Joachim Gauck, the main opposition candidate for the German presidency, has an almost Messianic impact on people wherever he goes. Opinion polls show a majority of Germans prefer the former human rights activist to Chancellor Angela Merkel's candidate, Christian Wulff, a career politician who has spent the last seven years as governor of the northern state of Lower Saxony.
Across the nation, Gauck's face can be seen on posters attached to lampposts, sometimes in the style of an Andy Warhol artwork under the slogan "Go for Gauck."
The man who campaigned against the communist regime of East Germany and was spied on by the Stasi secret police seems out of place in the harsh world of party politics into which he has been thrust since the center-left Social Democrat Party and the Greens nominated him.
In his speeches, the former pastor talks about his feelings and provides glimpses of his soul. He is a human being in a realm of strategists. It seems he would like Germany to undergo the kind of therapy he went through himself at times in his life when he was plagued by doubt.
Rare Emotion and Sensitivity
The euphoria surrounding him has much to do with his language. No one in political office would dare to speak with such emotion and sensitivity because it would immediately be seen as weakness. But Gauck speaks like a human being, his sentences are nourished by a rich biography, a lifetime of reading and an intense exploration of his own soul.
These aren't bad qualifications for a head of state. As he tours the country giving speeches to regional parliamentary delegates who will be dispatched to Berlin for Wednesday's vote, he tells a story of the beauty of freedom. He talks about the powerlessness he felt as a citizen of East Germany, of "kneeling while walking, standing or sitting." He waxes lyrical about the German constitution and its "phenomenal catalogue of basic rights." His audiences listen in rapt attention. In Gauck's words, the constitution sounds fresh and fascinating.
German democracy is in a midlife crisis. Over the decades, many Germans have grown tired of politics and public debate. Gauck wants to shake western Germans out of their lethargy and reignite their enthusiasm for something they already possess. He's polishing faded brass lamps to give them their shine back. Gauck's lamps are democracy, constitution, justice and electoral law.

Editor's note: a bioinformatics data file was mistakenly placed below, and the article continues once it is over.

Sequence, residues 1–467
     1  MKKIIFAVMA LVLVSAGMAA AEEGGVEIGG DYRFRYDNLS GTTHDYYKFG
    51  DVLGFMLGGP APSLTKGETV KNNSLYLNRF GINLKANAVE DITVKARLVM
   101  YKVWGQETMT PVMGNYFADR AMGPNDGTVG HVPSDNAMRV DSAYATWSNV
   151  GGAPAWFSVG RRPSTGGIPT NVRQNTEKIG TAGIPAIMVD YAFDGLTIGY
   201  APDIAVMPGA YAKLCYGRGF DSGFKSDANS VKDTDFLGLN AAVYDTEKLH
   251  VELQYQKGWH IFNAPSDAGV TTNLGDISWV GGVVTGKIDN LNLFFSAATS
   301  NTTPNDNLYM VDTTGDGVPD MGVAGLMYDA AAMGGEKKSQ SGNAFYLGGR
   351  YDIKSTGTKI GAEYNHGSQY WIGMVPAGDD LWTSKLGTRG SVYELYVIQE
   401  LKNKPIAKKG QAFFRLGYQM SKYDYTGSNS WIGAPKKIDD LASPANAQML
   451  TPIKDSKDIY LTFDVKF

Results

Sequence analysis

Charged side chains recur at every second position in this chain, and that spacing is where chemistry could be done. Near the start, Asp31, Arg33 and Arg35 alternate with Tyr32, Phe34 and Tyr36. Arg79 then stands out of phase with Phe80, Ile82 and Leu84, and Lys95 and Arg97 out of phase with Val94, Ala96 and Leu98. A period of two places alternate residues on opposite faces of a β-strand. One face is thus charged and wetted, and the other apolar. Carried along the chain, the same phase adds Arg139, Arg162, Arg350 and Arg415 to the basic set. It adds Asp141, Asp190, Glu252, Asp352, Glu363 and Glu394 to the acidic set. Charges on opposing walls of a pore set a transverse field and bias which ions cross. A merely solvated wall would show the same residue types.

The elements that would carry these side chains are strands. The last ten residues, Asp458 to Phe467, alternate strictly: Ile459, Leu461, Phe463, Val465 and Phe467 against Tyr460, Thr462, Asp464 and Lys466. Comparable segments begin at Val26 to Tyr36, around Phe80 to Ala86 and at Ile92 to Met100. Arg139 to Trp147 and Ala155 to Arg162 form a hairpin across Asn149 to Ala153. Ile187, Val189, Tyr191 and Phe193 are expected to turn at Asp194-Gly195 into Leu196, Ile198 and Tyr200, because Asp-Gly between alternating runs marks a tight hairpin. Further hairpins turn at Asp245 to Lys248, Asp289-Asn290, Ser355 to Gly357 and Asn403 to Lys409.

He also has a message for eastern Germans. He wants them to jettison their tainted view of the past. He deplores Ostalgie, nostalgia for the East German era. The eastern Germans should be proud of the revolution of 1989, he tells them. "We 89ers will be the last ones to strike our colors. When the others fall down, we will still be standing. I personally believe that I will spend longer having faith in freedom and the resilience of democracy than anyone else in Germany." Coming from anyone else, such lofty words would seem embarrassing. With Gauck they sound believable.
On a June evening in 1951, two men turned up at the front door of the Gauck family and took his father away in a blue Opel. Joachim Gauck was 11 years old. When he saw him again he was 15 and his father was an emaciated man. He had been sentenced to two times 25 years and had to fell trees in the Siberian gulag. The family hadn't been told where he was or even if he was still alive. Anyone who can see from the experience of his own father the damage that dictatorship can do is probably bound to worship freedom.
Gauck's language is peppered with terms from the realm of psychology. The man who wants to lead the nation out of its mental crisis knows about therapy. He talks openly about the crises he went through in his life, and how he overcame them. The first one came in the late 1980s, shortly before he turned 50. He no longer felt fulfilled by his position as pastor, and his marriage was failing. Gauck joined a therapy group in his church, he devoted himself to his inner life until the world started changing.
He ended his marriage and found a new role as freedom fighter, as revolutionary. He says the therapy he went through gave him the necessary strength. "In autumn '89, when I talked about people's fears of the regime in my sermons, I had deeper knowledge of the power of fears," Gauck says, speaking in a restaurant in Berlin.
Why did he accept the nomination at the age of 70 after having forsworn public office? He thinks and says: "It's so often that I feel what is going on in people even before they notice it themselves. And then my words are there for these feelings. I'm like a medium for people. It has often been that way in my life, and it's like that again now."
Sometimes he sounds a little strange. What he means is his ability to encourage people to follow their hearts and overcome their fears. Like in the autumn of 1989.
His contemplative nature and his passion, so different from the sober, controlled world of politics, is inspiring people. He seems incredibly honest and open. People who have been through therapies are usually more authentic than people who haven't, they are more likely to dare to be themselves, even though they can sometimes be irritating as a result.
"That's the way it sometimes goes in therapies," says Gauck at the end of the interview, taking a sip of red wine. "If it goes well, you end up stronger."